63	
64	During the enumeration process, the kernel learns about I/O devices and
65	their MMIO space and the host bridges that connect them to the system.  For
66	example, if a PCI device has a BAR, the kernel reads the bus address (A)
67	from the BAR and converts it to a CPU physical address (B).  The address B
68	is stored in a struct resource and usually exposed via /proc/iomem.  When a
69	driver claims a device, it typically uses ioremap() to map physical address
70	B at a virtual address (C).  It can then use, e.g., ioread32(C), to access
71	the device registers at bus address A.
72	
73	If the device supports DMA, the driver sets up a buffer using kmalloc() or
74	a similar interface, which returns a virtual address (X).  The virtual
75	memory system maps X to a physical address (Y) in system RAM.  The driver
76	can use virtual address X to access the buffer, but the device itself
77	cannot because DMA doesn't go through the CPU virtual memory system.
78	
79	In some simple systems, the device can do DMA directly to physical address
80	Y.  But in many others, there is IOMMU hardware that translates DMA
81	addresses to physical addresses, e.g., it translates Z to Y.  This is part
82	of the reason for the DMA API: the driver can give a virtual address X to
83	an interface like dma_map_single(), which sets up any required IOMMU
84	mapping and returns the DMA address Z.  The driver then tells the device to
85	do DMA to Z, and the IOMMU maps it to the buffer at address Y in system
86	RAM.
87	
88	So that Linux can use the dynamic DMA mapping, it needs some help from the
89	drivers, namely it has to take into account that DMA addresses should be
90	mapped only for the time they are actually used and unmapped after the DMA
91	transfer.
92	
93	The following API will work of course even on platforms where no such
94	hardware exists.
95	
96	Note that the DMA API works with any bus independent of the underlying
97	microprocessor architecture. You should use the DMA API rather than the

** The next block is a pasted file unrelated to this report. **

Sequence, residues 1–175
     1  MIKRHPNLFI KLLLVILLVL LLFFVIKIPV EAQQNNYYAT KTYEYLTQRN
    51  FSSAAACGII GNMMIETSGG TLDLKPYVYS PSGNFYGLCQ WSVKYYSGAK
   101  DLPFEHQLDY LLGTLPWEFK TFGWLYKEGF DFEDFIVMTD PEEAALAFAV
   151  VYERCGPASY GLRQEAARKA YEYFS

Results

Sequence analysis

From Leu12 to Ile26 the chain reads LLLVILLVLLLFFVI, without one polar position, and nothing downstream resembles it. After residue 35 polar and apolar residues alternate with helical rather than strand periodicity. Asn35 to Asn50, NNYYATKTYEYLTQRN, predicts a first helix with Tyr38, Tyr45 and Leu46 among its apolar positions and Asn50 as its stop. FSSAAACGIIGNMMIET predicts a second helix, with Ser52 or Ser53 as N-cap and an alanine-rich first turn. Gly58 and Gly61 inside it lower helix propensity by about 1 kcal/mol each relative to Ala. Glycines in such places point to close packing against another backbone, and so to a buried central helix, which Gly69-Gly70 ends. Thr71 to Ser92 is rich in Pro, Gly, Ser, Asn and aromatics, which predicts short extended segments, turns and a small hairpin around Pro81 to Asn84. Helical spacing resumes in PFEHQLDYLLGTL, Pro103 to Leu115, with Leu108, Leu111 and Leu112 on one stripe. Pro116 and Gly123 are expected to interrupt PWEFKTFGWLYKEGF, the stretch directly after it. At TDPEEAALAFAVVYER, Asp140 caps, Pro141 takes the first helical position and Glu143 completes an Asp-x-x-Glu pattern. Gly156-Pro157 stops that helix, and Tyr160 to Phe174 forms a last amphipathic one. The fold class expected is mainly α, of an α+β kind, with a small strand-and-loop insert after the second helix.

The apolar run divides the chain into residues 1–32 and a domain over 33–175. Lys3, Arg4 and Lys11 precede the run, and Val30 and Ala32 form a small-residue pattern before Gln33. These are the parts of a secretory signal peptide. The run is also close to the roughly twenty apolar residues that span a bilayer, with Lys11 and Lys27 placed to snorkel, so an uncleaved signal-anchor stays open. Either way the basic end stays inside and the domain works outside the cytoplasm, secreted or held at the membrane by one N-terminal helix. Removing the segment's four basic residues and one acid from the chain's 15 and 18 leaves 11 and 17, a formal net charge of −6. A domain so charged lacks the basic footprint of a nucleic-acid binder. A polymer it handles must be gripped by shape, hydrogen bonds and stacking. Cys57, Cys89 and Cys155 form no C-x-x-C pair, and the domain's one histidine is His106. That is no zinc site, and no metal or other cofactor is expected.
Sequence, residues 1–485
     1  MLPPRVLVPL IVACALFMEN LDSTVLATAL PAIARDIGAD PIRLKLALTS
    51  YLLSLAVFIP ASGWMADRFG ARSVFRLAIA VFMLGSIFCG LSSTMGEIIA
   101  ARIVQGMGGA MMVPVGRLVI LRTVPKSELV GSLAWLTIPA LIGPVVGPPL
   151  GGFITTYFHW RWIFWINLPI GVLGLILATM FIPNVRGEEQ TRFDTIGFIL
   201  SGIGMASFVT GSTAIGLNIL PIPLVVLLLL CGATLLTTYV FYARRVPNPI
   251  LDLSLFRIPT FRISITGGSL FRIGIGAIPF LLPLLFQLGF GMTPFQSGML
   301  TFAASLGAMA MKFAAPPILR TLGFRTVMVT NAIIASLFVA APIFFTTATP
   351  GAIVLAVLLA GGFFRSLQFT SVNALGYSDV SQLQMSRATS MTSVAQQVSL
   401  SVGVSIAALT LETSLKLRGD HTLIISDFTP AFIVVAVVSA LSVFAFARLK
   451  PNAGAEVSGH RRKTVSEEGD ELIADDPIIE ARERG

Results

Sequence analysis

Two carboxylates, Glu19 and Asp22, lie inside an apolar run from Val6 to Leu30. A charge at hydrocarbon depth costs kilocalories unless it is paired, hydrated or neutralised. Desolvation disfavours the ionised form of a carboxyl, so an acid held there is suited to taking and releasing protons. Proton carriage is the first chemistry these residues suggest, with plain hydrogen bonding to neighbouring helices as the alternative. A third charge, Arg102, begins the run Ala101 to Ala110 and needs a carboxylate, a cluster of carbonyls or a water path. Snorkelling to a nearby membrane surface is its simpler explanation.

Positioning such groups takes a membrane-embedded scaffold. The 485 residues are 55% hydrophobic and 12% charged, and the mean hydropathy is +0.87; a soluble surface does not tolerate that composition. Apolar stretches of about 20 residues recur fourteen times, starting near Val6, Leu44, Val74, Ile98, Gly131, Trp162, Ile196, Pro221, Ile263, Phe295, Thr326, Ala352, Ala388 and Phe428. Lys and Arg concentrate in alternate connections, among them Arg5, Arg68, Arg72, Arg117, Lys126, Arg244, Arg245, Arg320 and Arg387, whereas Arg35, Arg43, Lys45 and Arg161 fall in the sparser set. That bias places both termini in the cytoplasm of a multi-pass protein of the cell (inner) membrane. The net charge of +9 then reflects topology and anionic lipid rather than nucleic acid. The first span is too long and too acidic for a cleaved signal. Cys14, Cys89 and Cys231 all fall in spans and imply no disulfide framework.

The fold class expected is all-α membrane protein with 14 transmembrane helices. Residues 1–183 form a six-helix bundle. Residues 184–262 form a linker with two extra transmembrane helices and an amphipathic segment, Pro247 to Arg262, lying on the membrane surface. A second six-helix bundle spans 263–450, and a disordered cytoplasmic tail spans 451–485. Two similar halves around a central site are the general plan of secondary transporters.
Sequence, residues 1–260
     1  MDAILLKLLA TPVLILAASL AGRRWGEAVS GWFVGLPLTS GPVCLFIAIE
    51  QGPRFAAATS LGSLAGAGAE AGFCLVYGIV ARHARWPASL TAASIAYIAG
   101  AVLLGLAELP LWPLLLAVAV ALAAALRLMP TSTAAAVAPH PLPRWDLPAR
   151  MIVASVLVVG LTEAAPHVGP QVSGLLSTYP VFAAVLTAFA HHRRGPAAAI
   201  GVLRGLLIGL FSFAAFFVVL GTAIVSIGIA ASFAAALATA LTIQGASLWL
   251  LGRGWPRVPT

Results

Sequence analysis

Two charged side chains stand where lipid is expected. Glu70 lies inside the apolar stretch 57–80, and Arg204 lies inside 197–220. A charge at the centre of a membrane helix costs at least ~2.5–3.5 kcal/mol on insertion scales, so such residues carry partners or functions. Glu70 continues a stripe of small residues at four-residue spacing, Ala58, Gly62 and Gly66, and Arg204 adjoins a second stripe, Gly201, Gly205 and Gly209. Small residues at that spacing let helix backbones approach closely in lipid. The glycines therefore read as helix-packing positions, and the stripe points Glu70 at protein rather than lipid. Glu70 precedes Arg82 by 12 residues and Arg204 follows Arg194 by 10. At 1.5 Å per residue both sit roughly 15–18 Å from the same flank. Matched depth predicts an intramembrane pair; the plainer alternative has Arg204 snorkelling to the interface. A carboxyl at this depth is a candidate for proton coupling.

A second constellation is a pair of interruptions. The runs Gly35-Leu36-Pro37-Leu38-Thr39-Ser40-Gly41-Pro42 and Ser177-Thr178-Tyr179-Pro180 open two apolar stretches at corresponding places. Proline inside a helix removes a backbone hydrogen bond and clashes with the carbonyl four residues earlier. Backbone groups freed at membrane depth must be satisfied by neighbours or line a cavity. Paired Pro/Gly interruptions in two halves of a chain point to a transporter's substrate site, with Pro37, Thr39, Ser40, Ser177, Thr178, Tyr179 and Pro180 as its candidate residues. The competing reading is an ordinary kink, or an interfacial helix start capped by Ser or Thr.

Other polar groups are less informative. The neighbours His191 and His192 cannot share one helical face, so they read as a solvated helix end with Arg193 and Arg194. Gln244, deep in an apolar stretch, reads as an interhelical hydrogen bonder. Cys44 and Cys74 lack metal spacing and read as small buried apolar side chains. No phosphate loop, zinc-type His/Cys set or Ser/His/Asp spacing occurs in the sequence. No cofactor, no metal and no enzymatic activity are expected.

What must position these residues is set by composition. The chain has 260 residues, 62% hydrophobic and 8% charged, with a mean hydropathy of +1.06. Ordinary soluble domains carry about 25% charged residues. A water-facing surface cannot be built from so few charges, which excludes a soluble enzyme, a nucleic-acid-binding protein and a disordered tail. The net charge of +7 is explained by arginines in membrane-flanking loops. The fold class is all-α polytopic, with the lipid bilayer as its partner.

98	bus-specific DMA API, i.e., use the dma_map_*() interfaces rather than the
99	pci_map_*() interfaces.
100	
101	First of all, you should make sure
102	
103	#include <linux/dma-mapping.h>
104	
105	is in your driver, which provides the definition of dma_addr_t.  This type
106	can hold any valid DMA address for the platform and should be used
107	everywhere you hold a DMA address returned from the DMA mapping functions.
108	
109				 What memory is DMA'able?
110	
111	The first piece of information you must know is what kernel memory can
112	be used with the DMA mapping facilities.  There has been an unwritten
113	set of rules regarding this, and this text is an attempt to finally
114	write them down.
115	
116	If you acquired your memory via the page allocator
117	(i.e. __get_free_page*()) or the generic memory allocators
118	(i.e. kmalloc() or kmem_cache_alloc()) then you may DMA to/from
119	that memory using the addresses returned from those routines.
120	
121	This means specifically that you may _not_ use the memory/addresses
122	returned from vmalloc() for DMA.  It is possible to DMA to the
123	_underlying_ memory mapped into a vmalloc() area, but this requires
124	walking page tables to get the physical addresses, and then
125	translating each of those pages back to a kernel address using